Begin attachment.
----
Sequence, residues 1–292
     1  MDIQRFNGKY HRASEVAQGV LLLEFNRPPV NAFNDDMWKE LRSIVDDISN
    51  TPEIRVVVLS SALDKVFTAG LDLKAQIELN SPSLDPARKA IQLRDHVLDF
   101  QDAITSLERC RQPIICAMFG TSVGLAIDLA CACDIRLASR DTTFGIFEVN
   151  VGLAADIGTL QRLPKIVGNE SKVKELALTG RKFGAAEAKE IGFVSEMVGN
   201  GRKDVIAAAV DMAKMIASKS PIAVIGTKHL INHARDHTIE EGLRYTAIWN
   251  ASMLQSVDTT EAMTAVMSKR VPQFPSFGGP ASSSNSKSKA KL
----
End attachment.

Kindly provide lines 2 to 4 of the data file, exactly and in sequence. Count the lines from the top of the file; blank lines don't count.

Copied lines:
     1  MDIQRFNGKY HRASEVAQGV LLLEFNRPPV NAFNDDMWKE LRSIVDDISN
    51  TPEIRVVVLS SALDKVFTAG LDLKAQIELN SPSLDPARKA IQLRDHVLDF
   101  QDAITSLERC RQPIICAMFG TSVGLAIDLA CACDIRLASR DTTFGIFEVN